Theatrical release poster
|Directed by||Samuel Fuller|
|Produced by||Samuel Fuller|
|Screenplay by||Samuel Fuller|
|Based on||articles in The Saturday Evening Post|
by Joseph F. Dinneen
|Music by||Harry Sukman|
|Edited by||Jerome Thoms|
|Distributed by||Columbia Pictures|
|May 13, 1961|
Underworld U.S.A. (also known as Underworld USA) is a 1961 American neo-noir film produced, written and directed by Samuel Fuller. It tells the story of a fourteen-year-old boy who goes to enormous lengths to get revenge against the mobsters who beat his father to death. It stars Cliff Robertson, Dolores Dorn, and Beatrice Kay.
Fourteen-year-old Tolly Devlin sees four hoods beat his father to death. Twenty years later, the killers have risen to the top of the crime syndicate. Ever since his adolescence, Tolly (Cliff Robertson)'s goal has been to avenge his father. Tolly has even become a criminal and gotten himself sent to prison so that he could get close to one of the perpetrators. He becomes as vindictive and sadistic as the men he is pursuing, and rejects the two relationships that could redeem him, his mother-figure (Beatrice Kay) and his girlfriend (Dolores Dorn).
Becoming a secret informant for the government, Tolly ends up playing both sides against the middle in his cagey campaign to bring down the remaining mobsters. His nihilistic vendetta eventually robs him of his own humanity (and more).
- Cliff Robertson as Tolly Devlin
- Dolores Dorn as Cuddles
- Beatrice Kay as Sandy
- Paul Dubov as Gela
- Robert Emhardt as Earl Connors
- Larry Gates as John Driscoll
- Richard Rust as Gus Cottahee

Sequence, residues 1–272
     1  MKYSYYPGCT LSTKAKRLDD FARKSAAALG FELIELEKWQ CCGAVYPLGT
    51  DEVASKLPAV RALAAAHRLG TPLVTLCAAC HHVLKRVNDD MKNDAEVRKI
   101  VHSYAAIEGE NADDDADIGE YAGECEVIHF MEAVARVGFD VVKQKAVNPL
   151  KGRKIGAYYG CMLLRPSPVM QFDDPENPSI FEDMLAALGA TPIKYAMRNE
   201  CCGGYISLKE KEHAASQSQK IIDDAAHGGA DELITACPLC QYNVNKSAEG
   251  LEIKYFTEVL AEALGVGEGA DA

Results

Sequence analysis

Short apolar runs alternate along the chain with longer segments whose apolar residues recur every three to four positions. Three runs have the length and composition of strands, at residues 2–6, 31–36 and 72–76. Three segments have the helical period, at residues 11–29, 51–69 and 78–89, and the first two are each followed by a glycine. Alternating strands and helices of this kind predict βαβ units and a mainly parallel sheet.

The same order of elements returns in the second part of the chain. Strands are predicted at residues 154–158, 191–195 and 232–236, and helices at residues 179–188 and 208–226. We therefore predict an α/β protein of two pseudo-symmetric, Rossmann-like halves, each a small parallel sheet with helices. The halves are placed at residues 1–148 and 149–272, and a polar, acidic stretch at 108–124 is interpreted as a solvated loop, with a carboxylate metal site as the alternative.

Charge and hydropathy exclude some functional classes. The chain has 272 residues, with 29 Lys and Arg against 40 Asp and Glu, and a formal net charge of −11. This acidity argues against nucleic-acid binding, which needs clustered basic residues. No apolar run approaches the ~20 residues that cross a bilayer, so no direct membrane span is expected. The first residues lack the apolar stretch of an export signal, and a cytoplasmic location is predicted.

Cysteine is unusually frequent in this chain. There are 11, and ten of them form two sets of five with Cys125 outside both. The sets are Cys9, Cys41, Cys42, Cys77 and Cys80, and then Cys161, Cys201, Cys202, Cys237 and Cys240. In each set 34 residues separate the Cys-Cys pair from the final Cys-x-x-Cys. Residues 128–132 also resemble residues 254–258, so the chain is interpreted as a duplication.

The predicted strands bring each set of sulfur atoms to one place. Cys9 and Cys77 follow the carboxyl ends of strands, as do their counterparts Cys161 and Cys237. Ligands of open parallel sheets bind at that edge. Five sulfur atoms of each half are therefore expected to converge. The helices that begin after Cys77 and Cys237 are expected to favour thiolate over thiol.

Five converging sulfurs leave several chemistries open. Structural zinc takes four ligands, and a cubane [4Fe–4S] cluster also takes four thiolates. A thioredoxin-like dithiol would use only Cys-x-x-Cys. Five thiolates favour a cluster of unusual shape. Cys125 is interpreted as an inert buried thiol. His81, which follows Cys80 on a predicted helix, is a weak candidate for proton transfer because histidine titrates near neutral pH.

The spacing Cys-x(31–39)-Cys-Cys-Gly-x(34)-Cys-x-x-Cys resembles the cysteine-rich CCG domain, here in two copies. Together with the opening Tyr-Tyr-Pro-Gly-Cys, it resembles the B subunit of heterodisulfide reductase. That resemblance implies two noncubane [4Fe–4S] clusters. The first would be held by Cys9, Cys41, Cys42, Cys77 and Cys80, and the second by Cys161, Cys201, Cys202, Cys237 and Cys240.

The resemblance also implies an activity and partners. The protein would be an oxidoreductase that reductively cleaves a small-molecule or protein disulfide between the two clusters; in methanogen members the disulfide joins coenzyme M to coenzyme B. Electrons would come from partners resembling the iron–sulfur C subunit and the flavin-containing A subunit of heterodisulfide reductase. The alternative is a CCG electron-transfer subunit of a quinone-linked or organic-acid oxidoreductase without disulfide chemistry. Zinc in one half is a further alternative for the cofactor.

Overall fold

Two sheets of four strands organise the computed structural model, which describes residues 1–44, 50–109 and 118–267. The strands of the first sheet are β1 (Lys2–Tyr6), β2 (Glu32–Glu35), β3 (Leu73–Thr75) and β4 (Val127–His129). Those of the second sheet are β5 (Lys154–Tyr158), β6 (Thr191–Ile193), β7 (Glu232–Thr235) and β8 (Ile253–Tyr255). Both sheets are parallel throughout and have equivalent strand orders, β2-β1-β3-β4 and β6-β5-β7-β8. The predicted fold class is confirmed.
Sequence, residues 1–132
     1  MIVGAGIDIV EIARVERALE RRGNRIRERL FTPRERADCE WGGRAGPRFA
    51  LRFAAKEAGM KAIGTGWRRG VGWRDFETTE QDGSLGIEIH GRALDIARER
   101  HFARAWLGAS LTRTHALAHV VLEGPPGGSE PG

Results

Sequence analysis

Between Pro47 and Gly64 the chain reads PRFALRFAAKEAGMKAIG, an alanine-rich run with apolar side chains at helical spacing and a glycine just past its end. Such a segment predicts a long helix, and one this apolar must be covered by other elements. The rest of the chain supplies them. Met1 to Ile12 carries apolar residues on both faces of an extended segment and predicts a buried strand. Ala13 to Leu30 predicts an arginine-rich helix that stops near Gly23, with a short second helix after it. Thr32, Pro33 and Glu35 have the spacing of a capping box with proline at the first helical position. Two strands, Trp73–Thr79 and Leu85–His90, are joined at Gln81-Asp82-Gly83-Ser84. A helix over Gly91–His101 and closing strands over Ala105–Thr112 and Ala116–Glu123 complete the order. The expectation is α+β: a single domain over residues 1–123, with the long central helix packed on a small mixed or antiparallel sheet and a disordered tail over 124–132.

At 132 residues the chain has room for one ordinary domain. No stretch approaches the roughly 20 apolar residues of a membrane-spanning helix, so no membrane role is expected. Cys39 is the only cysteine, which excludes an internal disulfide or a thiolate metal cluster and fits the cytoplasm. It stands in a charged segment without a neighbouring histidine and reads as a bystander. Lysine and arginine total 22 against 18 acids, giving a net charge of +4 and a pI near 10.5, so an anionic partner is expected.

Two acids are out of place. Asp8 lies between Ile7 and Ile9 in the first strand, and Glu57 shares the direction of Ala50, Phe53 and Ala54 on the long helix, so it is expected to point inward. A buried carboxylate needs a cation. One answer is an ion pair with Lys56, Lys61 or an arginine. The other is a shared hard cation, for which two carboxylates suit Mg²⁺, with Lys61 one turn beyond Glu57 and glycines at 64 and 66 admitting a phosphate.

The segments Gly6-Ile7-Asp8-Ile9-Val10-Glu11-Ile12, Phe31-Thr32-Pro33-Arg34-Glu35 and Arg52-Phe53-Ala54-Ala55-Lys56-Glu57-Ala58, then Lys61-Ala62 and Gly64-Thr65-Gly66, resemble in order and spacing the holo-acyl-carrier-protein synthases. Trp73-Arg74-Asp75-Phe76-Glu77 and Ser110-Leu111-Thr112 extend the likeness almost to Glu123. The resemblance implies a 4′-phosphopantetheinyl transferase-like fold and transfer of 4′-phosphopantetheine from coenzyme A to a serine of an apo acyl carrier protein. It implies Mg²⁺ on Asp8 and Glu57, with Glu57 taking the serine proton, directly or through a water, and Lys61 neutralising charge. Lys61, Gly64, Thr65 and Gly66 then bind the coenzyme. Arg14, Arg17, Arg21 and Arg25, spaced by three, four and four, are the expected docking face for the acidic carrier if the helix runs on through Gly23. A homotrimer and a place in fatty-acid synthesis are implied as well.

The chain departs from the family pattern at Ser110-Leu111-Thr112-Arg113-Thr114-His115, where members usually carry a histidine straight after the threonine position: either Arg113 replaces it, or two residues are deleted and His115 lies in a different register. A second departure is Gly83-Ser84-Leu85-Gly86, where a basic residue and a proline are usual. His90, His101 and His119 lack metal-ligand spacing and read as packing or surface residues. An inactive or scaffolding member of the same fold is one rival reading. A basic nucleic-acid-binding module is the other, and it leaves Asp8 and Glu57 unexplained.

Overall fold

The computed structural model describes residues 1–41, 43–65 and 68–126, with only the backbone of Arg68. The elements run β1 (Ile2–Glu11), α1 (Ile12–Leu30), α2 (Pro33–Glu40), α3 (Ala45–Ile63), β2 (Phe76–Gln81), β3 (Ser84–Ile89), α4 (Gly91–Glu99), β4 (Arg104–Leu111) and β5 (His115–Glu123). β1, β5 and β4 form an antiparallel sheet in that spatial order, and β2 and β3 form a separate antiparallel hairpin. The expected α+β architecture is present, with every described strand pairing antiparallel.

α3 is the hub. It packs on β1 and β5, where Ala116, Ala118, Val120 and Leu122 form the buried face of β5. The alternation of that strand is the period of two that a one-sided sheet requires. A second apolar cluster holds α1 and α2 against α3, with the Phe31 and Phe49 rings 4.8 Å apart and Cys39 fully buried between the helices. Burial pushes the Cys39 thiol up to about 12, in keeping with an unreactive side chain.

- Gerald Milton as Gunther
- Allan Gruener as Smith
Producer Ray Stark asked Fuller to write and direct a film based on the title of a magazine article written by Joseph F. Dinneen. Fuller also was inspired by a book, Here Is to Crime, by newspaperman Riley Cooper.:383–384
An opening scene with a Union of Prostitutes was deleted by Sam Briskin and other Columbia executives.:383–384 Fuller's character Tolly is a loner motivated by revenge using the United States Government as well as his own devices to even the score. Fuller heard the reaction of a real life gangster who reportedly said "If only my son would have that kind of affection for me!".:390
Film critic Dennis Schwartz liked the film, and wrote, "Samuel Fuller's revenge crime thriller is shot in the same brisk and violent manner he shoots his war films. The timely crime film hopes to cash in on the public's thirst for mob stories, as it takes place after the well-covered mob gathering in Apalachin, New York; Fuller based his film on a series of exposé articles in The Saturday Evening Post ... Fuller's violent noir film shows the inhumanity of the soldiers in the war on crime, where neither the syndicate or Tolly react with basic human responses. Their drive to succeed overrides everything, even love. The FBI is shown as stymied without the help of the public coming forth with information or willing to act as witnesses despite the risks, but the lawmen do not play fair by not telling how dangerous it's to be a witness against the mob."
A wanted poster of Tolly Devlin appears in a police station in Columbia's film of Sail a Crooked Ship (1961).
- Fuller in Running With 'Mob' Movie: Enters 'Underiworld, USA'; 'Burlesque' Up Again--Berle Scheuer, Philip K. Los Angeles Times 2 July 1959: B7.
- Schwartz, Ronald (2005). Neo-noir: The New Film Noir Style from Psycho to Collateral. Rowman & Littlefield. p. 8. ISBN 978-0-8108-5676-9.
- Underworld U.S.A. on IMDb.
- Fuller, Samuel. A Third Face, Pages 383-384. Alfred A Knopf (2002).
- Schwartz, Dennis. Ozus' World Movie Reviews, film review, February 27, 2009. Last accessed: December 3, 2009.
- "Preserved Projects". Academy Film Archive.